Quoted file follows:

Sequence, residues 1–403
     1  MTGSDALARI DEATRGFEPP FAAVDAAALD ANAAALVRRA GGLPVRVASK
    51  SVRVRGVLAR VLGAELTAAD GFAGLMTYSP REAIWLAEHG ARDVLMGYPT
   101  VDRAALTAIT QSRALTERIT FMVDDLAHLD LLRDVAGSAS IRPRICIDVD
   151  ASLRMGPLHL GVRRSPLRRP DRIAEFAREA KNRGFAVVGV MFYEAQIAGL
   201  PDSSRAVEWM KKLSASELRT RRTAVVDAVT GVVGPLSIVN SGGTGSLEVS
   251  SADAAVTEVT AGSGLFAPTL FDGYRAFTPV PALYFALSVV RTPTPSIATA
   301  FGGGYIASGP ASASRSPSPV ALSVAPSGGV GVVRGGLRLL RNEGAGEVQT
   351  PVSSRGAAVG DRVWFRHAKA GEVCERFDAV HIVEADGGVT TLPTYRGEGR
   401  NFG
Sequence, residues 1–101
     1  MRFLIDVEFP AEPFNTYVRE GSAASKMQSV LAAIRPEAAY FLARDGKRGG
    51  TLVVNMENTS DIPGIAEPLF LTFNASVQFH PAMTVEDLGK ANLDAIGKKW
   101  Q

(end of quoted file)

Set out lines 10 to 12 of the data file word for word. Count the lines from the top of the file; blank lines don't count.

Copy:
   401  NFG
Sequence, residues 1–101
     1  MRFLIDVEFP AEPFNTYVRE GSAASKMQSV LAAIRPEAAY FLARDGKRGG